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Amid instability, China raises stakes in Afghanistan

AT News

KABUL – China’s interest in investing in Afghanistan under the Belt and Road Initiative has surged in recent months, but the nation faces formidable challenges due to terrorism and instability.

This is as China’s Ministry of Foreign Affairs has issued a paper affirming its commitment to supporting Afghanistan’s reconstruction and development, signaling its intention to play a crucial role in the nation’s economic growth.

Chinese companies have recently demonstrated their eagerness to invest in Afghanistan. In a meeting with Taliban officials in Kabul last week, Fan China Afghan Mining Processing and Trading Co. announced an investment of $350 million across various sectors, including construction, health, and energy. The company, a joint venture between China’s Xinjiang Central Asia Petroleum and Gas Co. (CAPEIC) and Afghanistan’s Watan Group, aims to contribute to the country’s development.

Furthermore, the Taliban signed a contract with CAPEIC earlier this year to invest $150 million annually in oil extraction in the northern part of Afghanistan.

Apart from the energy sector, China also has a keen interest in mining operations in Afghanistan. In 2008, the then-Afghan government signed a contract with the Chinese company Metallurgical Corporation of China (MCC) to extract copper from Mes Aynak in Logar province. However, the work has not commenced yet. Last month, the Taliban’s mining and petroleum minister, Shahabuddin Delawar, called on MCC to begin practical work on the mine.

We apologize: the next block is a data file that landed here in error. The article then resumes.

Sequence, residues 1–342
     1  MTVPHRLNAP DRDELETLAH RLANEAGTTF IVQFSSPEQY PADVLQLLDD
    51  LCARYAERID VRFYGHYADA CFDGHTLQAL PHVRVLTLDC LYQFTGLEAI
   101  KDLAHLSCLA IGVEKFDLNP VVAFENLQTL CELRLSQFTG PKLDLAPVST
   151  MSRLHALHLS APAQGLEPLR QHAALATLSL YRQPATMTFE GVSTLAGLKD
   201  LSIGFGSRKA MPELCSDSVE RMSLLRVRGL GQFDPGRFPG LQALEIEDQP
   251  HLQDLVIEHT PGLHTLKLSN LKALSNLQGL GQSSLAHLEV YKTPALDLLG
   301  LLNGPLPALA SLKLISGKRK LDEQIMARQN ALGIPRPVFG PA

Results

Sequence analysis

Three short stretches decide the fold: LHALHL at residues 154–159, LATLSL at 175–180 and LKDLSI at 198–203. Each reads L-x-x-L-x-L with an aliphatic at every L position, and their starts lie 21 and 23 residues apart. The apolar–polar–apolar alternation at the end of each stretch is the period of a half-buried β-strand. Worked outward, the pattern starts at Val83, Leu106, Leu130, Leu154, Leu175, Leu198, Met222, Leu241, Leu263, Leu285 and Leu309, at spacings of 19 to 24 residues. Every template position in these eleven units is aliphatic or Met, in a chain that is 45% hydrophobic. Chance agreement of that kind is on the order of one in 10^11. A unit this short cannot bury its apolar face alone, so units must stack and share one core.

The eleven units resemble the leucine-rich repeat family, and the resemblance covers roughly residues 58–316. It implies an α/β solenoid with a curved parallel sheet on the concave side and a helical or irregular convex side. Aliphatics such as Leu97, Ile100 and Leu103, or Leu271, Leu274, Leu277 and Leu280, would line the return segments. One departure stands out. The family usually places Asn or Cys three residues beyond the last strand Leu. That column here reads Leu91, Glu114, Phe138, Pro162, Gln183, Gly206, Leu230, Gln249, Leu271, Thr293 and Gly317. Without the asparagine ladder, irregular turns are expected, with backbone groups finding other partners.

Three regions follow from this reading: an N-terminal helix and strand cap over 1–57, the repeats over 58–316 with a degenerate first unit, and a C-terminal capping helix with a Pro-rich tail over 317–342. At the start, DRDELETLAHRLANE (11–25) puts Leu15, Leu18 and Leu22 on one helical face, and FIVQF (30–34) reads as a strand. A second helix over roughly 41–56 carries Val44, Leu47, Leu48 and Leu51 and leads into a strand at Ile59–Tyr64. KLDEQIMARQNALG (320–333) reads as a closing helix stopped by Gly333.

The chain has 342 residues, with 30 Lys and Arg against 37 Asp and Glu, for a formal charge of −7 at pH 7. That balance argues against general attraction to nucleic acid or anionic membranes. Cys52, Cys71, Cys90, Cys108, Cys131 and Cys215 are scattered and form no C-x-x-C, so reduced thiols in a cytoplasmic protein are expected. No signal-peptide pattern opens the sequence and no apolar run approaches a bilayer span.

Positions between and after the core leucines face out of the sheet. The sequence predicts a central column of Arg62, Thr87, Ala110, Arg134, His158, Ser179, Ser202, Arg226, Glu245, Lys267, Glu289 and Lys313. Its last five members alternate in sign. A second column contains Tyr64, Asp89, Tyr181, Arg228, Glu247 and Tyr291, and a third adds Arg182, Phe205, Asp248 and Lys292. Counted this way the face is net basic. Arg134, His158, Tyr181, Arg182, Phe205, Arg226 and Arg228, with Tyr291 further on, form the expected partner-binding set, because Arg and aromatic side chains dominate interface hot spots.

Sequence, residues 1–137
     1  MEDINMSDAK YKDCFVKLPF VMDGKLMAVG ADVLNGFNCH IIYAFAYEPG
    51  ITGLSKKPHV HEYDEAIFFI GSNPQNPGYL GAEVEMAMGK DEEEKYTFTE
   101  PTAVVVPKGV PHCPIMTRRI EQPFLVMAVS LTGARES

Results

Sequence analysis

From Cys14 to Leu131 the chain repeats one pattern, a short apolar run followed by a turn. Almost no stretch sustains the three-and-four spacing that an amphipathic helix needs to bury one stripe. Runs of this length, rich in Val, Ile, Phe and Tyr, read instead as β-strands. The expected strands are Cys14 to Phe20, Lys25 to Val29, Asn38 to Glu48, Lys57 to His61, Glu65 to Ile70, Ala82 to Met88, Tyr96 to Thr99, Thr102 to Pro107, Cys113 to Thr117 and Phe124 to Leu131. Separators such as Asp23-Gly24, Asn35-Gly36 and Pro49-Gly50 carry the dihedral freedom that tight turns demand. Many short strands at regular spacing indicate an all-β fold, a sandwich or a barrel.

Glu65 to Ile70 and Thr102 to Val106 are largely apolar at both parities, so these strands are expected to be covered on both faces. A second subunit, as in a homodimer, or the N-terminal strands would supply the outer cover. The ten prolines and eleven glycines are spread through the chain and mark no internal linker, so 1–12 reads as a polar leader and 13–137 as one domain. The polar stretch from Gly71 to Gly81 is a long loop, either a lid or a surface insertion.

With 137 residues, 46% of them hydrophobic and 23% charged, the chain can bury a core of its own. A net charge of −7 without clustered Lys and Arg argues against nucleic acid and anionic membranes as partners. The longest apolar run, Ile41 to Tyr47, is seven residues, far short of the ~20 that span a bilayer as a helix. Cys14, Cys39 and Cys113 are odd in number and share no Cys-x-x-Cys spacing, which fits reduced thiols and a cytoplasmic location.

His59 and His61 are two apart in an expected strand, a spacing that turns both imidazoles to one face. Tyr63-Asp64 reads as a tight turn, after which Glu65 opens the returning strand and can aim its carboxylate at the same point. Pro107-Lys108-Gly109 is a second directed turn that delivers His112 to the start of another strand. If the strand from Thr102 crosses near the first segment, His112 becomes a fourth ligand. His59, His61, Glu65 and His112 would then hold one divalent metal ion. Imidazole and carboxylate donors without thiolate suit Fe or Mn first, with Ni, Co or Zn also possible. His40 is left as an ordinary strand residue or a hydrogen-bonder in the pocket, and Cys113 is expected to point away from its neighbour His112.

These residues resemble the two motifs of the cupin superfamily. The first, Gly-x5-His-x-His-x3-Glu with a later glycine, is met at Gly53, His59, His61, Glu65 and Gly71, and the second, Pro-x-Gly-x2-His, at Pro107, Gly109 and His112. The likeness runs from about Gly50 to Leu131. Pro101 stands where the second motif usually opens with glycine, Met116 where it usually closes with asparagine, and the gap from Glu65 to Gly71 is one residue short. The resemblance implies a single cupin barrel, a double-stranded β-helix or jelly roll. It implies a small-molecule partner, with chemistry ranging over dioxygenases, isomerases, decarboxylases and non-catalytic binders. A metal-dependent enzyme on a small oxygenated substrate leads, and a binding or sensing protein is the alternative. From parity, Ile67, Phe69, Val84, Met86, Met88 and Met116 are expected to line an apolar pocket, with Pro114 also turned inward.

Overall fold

While the extension of the China-Pakistan Economic Corridor (CPEC) to Afghanistan was hailed as a diplomatic win for the Taliban, analysts caution that the implementation of the project still faces hurdles.

However, investing in Afghanistan also poses security concerns for China. A UN report released last month indicated that the Taliban maintains ties with terrorist groups, including al-Qaida and the Eastern Turkistan Islamic Movement (ETIM), which China considers a threat to its security. The US, however, removed ETIM from its terror list in 2020.

Hamidullah Farooqi, a former Afghan minister of transport and civil aviation, expressed skepticism regarding China and Pakistan’s confidence in the Taliban’s counterterrorism commitments. He emphasized that the Taliban need to take concrete actions to address security concerns and prevent terrorist groups from using Afghan soil.

As China increases its investment in Afghanistan, the nation faces the complex task of navigating security challenges and fostering stability in the region. The success of these endeavors will have far-reaching implications not only for Afghanistan but also for China’s ambitious Belt and Road Initiative.

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